Hitch-hiking in Costa Rica was fun. It usually meant getting picked up by the first empty truck that would pass, hopping in the back with the tires, crates, or other people already there, and then bumping along happily with the wind in our hair and the sun on our backs…
My previous experience hitch hiking had been a little different. My ex-husband and I had just separated. I moved out. I moved to the mountain. Crystal Mountain. I got a postition serving at the Summit House restarant, rented a tiny duplex/cabin in Greenwater, and embarked on a winter mission to become a better skiier. My first couple weeks I drove my Honda Passport the 40 minutes to the ski resort. And then I decided not to. Once it snows, the mountain pass is closed, and the road is blocked, so everyone driving past my home was headed to the same place I was. I figured that hitch-hiking made sense. It would save me money, was better for the environment, and might provide me some excitement.
So every morning I would stand on the side of the road, bundled up in my gear, backpack on, skiis and boots on my shoulders, with my thumb up. I was at first suprised at how many cars would pass before one would stop to offer me a ride. But everyday I managed to get there and back using my magical thumb. One time some guys picked me up coming down the mountain who were cool so I invited them into my tiny house for beers. Before they left they gave me a weed cookie the size of a pancake. It stayed in my freezer almost the entire season, getting smaller each time friends would visit. Another time, I was picked up by a man who creeped me out. He asked me if I minded him pulling over to use the bathroom and change into his ski pants. That was fine with me until he put his blinker on to turn down a road that i knew was often empty and led nowhere. My fight or flight instincts immediately kicked in and I found myself playing out different scenarios im my mind in a matter of seconds. I told the guy I was getting out, and as he slowed down, I hopped out the door…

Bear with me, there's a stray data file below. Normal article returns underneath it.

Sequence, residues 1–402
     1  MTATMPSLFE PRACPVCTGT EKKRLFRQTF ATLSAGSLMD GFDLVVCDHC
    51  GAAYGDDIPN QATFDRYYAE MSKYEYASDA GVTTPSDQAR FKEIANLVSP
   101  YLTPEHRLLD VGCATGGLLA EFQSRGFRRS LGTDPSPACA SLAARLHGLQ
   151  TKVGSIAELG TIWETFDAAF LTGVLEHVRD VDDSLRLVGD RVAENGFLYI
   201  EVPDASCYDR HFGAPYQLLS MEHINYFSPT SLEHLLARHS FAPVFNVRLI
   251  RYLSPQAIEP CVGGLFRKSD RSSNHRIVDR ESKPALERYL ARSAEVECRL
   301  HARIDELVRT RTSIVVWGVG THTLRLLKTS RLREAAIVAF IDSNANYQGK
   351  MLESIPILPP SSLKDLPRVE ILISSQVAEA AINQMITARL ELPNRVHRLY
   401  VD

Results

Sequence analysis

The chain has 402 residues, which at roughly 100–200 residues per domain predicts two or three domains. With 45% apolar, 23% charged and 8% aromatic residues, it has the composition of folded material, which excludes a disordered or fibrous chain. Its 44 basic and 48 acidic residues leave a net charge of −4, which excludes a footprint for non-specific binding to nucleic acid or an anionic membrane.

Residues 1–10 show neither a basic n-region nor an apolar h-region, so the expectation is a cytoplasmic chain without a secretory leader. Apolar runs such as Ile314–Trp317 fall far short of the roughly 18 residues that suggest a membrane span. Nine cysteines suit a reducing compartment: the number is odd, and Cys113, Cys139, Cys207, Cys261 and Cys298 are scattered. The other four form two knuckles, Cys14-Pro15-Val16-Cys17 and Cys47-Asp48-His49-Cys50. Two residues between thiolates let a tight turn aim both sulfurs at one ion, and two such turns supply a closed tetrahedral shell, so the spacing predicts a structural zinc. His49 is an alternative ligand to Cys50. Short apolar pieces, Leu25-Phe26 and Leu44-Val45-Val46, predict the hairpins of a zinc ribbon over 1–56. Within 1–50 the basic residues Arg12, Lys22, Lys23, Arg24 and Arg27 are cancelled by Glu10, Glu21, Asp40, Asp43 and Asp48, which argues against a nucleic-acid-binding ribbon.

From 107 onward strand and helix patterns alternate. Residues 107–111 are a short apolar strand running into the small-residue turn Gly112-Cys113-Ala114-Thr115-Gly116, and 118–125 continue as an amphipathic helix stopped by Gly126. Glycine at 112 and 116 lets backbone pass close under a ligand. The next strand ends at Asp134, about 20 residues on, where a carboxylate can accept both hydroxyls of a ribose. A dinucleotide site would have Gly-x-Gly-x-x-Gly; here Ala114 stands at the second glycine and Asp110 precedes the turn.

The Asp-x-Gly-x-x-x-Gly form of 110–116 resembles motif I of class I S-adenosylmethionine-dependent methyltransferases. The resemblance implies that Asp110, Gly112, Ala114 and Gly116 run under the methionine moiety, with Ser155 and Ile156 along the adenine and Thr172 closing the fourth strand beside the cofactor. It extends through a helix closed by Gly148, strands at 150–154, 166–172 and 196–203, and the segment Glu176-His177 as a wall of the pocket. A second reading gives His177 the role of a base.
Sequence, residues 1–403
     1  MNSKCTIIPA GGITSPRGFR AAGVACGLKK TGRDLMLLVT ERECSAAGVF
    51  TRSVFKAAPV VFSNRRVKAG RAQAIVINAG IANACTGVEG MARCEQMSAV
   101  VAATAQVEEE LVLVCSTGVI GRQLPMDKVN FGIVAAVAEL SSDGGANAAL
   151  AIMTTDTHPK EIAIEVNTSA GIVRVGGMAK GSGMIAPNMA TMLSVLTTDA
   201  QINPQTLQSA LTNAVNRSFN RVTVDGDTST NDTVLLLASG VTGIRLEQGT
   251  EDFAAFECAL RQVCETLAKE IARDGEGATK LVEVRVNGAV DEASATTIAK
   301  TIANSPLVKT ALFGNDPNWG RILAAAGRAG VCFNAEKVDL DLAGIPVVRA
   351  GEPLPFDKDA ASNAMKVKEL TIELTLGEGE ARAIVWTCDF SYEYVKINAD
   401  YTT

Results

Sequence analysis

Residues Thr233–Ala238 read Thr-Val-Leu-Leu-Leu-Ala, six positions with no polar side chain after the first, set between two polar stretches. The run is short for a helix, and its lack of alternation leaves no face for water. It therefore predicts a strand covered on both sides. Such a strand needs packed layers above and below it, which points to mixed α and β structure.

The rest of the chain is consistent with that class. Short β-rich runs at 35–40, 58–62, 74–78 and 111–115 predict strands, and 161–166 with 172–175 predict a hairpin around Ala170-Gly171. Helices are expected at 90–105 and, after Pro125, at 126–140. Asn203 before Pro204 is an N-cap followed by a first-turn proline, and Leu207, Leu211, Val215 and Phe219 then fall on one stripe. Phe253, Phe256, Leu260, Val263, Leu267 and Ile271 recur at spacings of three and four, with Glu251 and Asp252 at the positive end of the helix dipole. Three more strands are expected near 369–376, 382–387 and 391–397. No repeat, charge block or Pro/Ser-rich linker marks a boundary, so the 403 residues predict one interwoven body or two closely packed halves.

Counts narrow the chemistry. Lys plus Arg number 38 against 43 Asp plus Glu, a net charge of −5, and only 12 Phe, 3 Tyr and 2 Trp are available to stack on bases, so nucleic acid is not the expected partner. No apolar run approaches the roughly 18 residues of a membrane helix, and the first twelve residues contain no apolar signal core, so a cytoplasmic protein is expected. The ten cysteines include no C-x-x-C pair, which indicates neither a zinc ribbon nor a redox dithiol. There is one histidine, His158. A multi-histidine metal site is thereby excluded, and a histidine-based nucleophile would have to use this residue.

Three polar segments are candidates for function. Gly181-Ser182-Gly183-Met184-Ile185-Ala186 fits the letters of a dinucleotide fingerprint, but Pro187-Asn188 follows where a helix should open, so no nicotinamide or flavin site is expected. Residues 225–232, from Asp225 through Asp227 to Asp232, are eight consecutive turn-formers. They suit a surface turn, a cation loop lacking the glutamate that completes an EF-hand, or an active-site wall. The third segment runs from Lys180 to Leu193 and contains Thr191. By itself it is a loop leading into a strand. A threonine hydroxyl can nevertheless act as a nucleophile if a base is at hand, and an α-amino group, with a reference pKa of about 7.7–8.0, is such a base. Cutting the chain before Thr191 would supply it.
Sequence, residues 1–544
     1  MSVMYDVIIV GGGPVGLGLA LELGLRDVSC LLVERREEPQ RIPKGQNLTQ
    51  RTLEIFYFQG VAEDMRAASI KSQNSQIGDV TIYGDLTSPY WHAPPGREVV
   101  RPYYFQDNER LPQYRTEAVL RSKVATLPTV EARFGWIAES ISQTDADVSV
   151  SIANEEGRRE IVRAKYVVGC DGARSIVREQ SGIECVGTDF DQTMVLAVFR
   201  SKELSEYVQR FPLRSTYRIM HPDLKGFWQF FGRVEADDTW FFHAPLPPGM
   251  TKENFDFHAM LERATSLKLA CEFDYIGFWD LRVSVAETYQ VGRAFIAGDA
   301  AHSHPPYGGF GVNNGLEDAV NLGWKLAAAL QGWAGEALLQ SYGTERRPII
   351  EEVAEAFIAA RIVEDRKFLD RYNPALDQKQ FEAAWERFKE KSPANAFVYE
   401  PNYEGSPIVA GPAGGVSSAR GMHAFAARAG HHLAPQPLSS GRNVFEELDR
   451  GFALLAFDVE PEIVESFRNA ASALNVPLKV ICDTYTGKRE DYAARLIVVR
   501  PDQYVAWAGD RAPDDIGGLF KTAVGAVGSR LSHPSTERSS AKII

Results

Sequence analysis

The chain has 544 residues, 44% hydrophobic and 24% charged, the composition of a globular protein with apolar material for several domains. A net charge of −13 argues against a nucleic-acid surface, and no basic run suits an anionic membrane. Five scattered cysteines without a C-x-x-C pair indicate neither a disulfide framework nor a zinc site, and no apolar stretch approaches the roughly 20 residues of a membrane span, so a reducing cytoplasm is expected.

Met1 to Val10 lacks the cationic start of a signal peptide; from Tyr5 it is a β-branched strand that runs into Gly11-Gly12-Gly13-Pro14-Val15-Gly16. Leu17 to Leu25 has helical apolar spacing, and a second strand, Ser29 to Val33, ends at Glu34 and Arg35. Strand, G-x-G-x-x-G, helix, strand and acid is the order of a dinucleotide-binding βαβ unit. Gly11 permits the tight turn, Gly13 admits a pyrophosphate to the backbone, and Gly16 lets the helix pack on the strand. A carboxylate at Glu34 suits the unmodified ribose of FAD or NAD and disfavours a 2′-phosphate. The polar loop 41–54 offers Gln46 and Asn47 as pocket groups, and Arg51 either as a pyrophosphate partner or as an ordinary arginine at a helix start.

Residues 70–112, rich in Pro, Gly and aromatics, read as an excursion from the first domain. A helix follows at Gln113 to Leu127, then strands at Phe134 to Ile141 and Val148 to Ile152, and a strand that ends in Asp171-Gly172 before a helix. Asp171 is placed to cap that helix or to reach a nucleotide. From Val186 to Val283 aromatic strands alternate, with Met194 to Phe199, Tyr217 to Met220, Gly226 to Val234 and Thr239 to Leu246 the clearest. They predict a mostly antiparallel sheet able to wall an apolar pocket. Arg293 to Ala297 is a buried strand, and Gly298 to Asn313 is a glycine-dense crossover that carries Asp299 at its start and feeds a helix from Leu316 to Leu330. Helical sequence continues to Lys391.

I jumped and yelled trying to get passing cars to stop and pick me up, to no avail! My emotions shifted from fear to frustration, and so when my creepy driver came back along the road, I got in again! He apologized for making me uncomfortable and I accepted his apology : )
That was the isolated event hitchhiking where I didn’t feel safe. For the most part, I met lots of friendly people and enjoyed my encounter with strangers on my rides to and from work. Once at the mountain, I would clock into to work, ride up the chairlift, try to get a few runs in, and then into the summit house bathroom to change into workclothes, put on makeup, and do my hair. With Mt Rainier looming outside and happy riders dotting the the distant snow, I would say that the view from my office was almost perfect.
During that winter I learned much about myself. It was my first time ever living alone. I had gone from living with my family to living in college dorms to living in a shared house in france to living with my husband. I found that I was a little scared when night fell, and slowly made the transition from leaving all of the lights on to embrassing the bedtime darkness. I had a wood stove which I used each night, I had a cord of wood on my porch which I had stacked and covered with tarp to keep dry. At one point my pipes froze and broke and for two weeks I washed my dishes in the snow and showered at the nearby gas station.
I read many books, watched many history channel dvds which I would stock up on from the library every week, and became a good skiier. I learned to live alone. To live with little. To be comfortable at night in the woods in the dark. To love the sounds of the mountain. It was a 6 month course. A life training. And I proved to myself that I could do and be whatever I wanted. Even a hitch-hiking mountain girl.